Poverty is a major challenge in Zimbabwe. Moreover, due to traditional and religious values that promote the advancement of men over women, girls are the most impacted by economic difficulties and most susceptible to forms of abuse such as gender-based violence and child marriage.
Girls are made to marry young for two reasons: the dowry is a key source of income for families, and a married girl is one less mouth to feed at home. According to the United Nations Population Fund, 33 per cent of girls in Zimbabwe are married before the age of 18.
The high cost of education and difficult access to schools in some areas mean low enrolment rates for both boys and girls. However, with limited resources, families will choose to send their sons to school rather than their daughters. Girls who do enrol are forced to drop out when they marry. This lack of education makes it very difficult to break free from the social mould to which they have been confined.
Within this context, there is a high prevalence of gender-based violence. According to UN figures, about one in three women in Zimbabwe aged 15 to 49 have experienced physical violence and about one in four women have experienced sexual violence since the age of 15.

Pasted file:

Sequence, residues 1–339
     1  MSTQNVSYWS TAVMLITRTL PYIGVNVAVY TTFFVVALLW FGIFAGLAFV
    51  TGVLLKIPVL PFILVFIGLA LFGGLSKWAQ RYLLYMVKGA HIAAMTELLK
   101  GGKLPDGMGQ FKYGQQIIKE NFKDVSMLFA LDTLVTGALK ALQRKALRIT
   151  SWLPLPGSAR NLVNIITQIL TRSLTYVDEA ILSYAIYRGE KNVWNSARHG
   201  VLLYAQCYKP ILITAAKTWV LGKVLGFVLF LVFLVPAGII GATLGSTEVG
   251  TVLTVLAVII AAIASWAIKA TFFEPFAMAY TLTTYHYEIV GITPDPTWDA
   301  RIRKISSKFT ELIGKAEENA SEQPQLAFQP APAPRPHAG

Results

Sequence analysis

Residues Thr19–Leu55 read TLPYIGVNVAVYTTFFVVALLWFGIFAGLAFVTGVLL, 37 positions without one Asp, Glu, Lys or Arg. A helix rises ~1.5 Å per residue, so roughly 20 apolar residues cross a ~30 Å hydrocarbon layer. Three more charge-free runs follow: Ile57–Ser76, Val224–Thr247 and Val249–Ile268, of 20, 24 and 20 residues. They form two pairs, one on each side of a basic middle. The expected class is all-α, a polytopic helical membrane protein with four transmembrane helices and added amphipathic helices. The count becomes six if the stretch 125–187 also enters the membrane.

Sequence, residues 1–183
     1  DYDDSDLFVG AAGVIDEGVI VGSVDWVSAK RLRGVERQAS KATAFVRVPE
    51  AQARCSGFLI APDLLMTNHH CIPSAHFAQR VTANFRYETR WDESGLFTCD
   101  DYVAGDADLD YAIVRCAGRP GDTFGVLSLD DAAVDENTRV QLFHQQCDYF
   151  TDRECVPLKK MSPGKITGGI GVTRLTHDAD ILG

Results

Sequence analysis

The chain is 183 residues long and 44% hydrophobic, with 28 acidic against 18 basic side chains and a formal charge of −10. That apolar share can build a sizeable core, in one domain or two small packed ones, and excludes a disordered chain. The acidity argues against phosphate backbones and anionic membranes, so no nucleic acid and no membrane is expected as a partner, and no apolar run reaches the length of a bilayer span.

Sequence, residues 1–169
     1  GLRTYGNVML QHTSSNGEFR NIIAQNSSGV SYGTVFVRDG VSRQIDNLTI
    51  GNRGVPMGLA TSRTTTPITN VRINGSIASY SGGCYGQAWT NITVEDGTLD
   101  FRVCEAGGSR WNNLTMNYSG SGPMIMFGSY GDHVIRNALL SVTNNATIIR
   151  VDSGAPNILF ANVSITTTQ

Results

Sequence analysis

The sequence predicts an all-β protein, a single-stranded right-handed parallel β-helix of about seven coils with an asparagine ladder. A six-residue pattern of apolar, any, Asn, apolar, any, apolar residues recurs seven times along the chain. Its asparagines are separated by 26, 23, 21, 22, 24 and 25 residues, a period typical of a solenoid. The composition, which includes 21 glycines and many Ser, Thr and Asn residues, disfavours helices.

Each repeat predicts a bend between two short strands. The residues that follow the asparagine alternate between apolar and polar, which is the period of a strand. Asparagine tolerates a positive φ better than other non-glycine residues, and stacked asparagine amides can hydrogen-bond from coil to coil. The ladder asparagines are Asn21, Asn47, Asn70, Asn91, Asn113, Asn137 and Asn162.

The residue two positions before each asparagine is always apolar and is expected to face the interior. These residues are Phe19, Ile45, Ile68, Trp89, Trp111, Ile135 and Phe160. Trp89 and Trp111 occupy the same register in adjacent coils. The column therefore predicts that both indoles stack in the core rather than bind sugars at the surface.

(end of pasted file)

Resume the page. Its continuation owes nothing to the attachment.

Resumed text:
The Girls' Legacy was established in Zimbabwe in 2007 with the goal of eradicating gender-based violence and building the capacity of young women and girls through leadership development and mentoring.
The organisation targets adolescent girls and young women aged 12 to 24. Its flagship programme, the DREAM project, aims to produce Determined, Resilient, Empowered, AIDS-free, Mentored and Safe (DREAMS) girls and young women.
The organisation runs community clubs that are managed by trained mentors who oversee and facilitate activities. The clubs are aimed at promoting dialogue, study and sports and offer advice on sexual and reproductive health rights.
STOP THE BUS is a mobile HIV and gender-based violence service that connects remote communities with service providers. The Girls' Legacy runs several schemes aimed at girls’ economic empowerment to help young mothers and child brides set up income generating projects that will give them financial independence. The organisation has created a quarterly publication entitled “Letter to my Father” which gives girls a platform to talk about the experiences and issues that affect their daily life.
The Girls' Legacy is a grassroots organisation with good networking and advocacy that has directly reached 3,800 people. It is currently conducting research on the status of girls in Zimbabwe.